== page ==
Mrs Pamela Serena Nantogmah, a trade consultant, has advised stakeholders to uphold individual responsibilities to enhance Ghana’s participation in international trade.
She said it was the synergy of the various stakeholders that would propel Ghana as an emerging state in international trade.
“If the customs officers are doing their checks with the systems they work with, which is the ICUMS they can detect and send alerts, FDA is doing their checks to make sure that chemicals are not put in goods being exported and all that, it will propel Ghana,” she added.
Mrs Nantogmah said this during a training organised by the EU-funded Compete Ghana programme, under the auspices of the Ministry of Trade and Industry.
The 10 training modules are to ensure a smooth implementation of the Economic Partnership Agreement (EPA).
The Compete Ghana Programme offers technical assistance to MOTI in the implementation of the EPA and related accompanying measures.
Mrs Nantogmah said disputes could not be avoided but could be managed, stating that, “if we are doing our checks well and making sure that goods, we send to the EU market meet the required standards, then we can compete at the international market.”
She said so far, the training modules had been of much relevance to the stakeholders, indicating that the modules gave a wider perspective and understanding to what they were already engaged in.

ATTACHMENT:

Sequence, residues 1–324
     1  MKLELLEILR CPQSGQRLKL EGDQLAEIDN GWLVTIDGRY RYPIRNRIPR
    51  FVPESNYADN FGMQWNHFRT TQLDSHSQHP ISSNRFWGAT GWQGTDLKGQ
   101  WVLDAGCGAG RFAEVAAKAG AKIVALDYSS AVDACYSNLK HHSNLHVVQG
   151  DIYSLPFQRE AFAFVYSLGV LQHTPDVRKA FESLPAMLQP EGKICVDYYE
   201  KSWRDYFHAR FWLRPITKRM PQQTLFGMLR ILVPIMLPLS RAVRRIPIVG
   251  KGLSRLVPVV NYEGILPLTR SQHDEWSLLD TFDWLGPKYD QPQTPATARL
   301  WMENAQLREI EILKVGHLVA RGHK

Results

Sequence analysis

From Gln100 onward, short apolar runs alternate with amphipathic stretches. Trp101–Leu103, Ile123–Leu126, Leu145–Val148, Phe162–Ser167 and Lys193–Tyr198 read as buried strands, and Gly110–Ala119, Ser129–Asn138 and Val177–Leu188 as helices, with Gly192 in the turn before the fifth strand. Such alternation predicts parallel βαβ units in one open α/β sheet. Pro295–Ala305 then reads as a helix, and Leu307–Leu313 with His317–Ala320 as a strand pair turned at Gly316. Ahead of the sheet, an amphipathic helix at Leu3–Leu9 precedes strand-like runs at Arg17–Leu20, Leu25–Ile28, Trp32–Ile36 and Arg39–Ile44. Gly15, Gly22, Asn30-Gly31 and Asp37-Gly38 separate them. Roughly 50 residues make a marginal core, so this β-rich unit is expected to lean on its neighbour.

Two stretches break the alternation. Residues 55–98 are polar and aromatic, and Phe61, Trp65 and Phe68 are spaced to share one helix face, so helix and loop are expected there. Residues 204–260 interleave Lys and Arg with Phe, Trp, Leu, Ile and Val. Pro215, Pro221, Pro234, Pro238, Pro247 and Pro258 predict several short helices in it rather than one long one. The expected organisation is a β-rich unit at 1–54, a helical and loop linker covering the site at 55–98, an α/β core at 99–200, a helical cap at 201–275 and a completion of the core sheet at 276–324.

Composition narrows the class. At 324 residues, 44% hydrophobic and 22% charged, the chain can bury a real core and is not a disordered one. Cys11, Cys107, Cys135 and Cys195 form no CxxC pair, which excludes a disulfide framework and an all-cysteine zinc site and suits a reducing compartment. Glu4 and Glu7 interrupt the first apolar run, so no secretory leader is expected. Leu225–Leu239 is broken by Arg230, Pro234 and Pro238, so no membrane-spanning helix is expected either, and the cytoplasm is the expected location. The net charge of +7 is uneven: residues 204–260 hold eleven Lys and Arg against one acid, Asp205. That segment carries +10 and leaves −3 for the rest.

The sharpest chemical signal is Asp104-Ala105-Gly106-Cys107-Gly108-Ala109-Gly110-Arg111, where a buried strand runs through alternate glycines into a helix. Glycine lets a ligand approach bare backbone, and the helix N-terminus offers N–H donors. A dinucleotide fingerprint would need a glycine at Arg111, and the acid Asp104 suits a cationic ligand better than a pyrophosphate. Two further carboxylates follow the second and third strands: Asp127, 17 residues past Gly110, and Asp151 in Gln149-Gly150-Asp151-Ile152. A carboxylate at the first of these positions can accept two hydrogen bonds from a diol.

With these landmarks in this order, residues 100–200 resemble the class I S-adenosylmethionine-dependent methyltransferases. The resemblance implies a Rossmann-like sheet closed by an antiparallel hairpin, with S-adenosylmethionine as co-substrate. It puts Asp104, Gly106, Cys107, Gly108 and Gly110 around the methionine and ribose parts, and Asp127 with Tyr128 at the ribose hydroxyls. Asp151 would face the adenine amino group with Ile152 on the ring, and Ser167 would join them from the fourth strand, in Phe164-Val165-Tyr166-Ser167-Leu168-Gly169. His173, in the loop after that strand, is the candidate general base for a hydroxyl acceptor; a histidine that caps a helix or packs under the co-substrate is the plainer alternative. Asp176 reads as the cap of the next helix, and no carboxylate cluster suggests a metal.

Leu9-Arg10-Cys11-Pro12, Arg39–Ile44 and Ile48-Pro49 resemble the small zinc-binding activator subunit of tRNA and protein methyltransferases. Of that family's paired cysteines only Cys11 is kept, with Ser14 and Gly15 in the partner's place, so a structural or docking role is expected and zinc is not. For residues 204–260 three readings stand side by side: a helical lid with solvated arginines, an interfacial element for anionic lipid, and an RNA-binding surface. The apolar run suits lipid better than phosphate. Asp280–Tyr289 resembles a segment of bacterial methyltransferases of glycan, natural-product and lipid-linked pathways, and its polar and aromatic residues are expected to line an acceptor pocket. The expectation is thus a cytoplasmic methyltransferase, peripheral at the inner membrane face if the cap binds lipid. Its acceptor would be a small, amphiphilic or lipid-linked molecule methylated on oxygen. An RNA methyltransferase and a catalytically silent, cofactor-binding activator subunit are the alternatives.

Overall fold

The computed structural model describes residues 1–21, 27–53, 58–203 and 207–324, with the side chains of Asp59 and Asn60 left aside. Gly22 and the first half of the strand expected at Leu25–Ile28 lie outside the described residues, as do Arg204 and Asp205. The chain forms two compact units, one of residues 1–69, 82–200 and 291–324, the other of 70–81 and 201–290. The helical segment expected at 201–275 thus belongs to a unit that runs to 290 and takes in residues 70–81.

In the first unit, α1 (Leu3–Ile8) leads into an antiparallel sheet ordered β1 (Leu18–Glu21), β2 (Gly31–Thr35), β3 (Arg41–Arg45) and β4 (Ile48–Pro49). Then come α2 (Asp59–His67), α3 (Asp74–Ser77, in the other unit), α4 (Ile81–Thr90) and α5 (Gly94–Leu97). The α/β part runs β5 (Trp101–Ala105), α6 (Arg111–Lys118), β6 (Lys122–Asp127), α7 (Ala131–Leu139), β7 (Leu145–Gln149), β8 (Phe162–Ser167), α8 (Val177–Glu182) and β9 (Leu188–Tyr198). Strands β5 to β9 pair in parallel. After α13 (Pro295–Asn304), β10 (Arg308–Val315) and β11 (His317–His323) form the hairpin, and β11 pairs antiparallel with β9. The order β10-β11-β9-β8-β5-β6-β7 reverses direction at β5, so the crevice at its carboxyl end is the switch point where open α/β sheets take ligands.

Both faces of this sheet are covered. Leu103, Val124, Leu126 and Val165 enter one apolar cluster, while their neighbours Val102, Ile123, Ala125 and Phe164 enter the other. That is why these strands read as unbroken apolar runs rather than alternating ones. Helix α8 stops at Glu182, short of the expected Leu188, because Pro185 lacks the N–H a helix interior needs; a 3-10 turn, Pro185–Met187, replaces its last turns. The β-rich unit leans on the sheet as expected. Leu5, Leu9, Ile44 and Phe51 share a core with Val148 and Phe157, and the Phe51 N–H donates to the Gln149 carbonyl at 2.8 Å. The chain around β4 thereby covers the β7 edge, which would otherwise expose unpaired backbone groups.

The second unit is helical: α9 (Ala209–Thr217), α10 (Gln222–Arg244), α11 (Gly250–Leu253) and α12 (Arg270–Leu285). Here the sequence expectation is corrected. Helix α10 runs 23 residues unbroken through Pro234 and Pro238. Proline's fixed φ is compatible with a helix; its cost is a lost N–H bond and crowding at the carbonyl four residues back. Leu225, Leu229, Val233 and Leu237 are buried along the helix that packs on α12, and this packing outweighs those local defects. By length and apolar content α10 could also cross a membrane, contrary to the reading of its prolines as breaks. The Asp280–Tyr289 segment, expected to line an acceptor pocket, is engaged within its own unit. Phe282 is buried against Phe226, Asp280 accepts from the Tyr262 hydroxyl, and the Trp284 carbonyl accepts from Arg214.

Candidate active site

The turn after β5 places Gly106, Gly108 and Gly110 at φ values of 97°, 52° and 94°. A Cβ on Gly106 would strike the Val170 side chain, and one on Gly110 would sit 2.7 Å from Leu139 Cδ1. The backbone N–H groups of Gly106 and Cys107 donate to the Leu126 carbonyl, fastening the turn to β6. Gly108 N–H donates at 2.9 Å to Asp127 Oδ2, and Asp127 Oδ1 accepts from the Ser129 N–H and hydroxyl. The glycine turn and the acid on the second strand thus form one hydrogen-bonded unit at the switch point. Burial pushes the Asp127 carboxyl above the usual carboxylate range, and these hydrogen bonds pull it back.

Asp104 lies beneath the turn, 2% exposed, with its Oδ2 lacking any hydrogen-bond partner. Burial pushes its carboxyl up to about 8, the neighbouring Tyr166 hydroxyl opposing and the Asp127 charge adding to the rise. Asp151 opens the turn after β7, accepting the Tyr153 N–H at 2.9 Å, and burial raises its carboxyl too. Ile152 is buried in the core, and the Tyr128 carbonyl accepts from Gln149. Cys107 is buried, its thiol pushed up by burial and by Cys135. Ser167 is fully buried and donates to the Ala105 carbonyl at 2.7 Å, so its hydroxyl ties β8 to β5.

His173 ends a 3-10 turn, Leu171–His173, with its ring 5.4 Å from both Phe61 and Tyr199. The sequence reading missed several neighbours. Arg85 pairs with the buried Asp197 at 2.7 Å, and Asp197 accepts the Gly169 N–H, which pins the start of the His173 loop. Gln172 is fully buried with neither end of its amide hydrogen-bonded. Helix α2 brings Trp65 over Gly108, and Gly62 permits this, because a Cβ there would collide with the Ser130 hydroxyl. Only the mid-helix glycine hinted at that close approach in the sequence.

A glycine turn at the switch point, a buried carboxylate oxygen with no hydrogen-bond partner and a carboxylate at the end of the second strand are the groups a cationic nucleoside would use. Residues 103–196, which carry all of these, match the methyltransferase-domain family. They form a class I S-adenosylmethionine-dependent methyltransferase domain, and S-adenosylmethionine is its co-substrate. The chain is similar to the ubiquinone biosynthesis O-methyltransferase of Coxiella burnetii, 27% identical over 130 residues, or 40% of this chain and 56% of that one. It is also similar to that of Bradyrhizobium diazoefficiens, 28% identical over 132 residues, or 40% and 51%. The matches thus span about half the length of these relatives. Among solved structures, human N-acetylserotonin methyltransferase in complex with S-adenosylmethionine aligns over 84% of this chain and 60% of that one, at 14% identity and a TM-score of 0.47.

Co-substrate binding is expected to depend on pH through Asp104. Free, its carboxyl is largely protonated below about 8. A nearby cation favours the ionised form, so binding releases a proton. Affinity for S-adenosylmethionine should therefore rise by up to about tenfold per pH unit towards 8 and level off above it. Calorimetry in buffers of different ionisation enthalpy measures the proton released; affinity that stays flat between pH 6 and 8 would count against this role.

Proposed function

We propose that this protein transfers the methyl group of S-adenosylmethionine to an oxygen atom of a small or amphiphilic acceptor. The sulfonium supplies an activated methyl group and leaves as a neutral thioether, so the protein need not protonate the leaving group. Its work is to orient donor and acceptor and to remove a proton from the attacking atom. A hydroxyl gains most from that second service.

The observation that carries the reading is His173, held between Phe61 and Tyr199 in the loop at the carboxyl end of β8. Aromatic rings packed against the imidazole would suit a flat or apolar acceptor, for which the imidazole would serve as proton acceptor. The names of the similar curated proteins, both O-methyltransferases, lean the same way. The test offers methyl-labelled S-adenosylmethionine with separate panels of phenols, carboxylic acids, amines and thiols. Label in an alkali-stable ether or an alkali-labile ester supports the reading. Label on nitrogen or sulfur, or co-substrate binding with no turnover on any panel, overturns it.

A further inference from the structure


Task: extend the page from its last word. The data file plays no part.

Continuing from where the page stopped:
Mr Nicholas Gebara, the Team Leader of the Compete Ghana Programme, said it was vital to build capacities among stakeholders in the trade space as far as trade defence and dispute settlements in trade were concerned.
He urged the participants to avail themselves of the skills and knowledge to be able to develop and drive the enhancement of Ghana’s participation in international trade.
Mr Ibrahim Bawumia Abdul Rahman, Planning, Research, Monitoring and Evaluation Officer, Ghana International Trade Commission, said as countries entered into partnership agreements, there were rules and regulations for misunderstanding, for disputes to be settled.
He added that, “when that happens, the WTO comes to play, and that one of the key objectives is security and objectivity, so people are guaranteed of redress during issues relating to unfair trading.”
Mr Rahman said going forward, there was the need to work together with the countries they were in partnership with to ensure that disputes were resolved at the primary levels.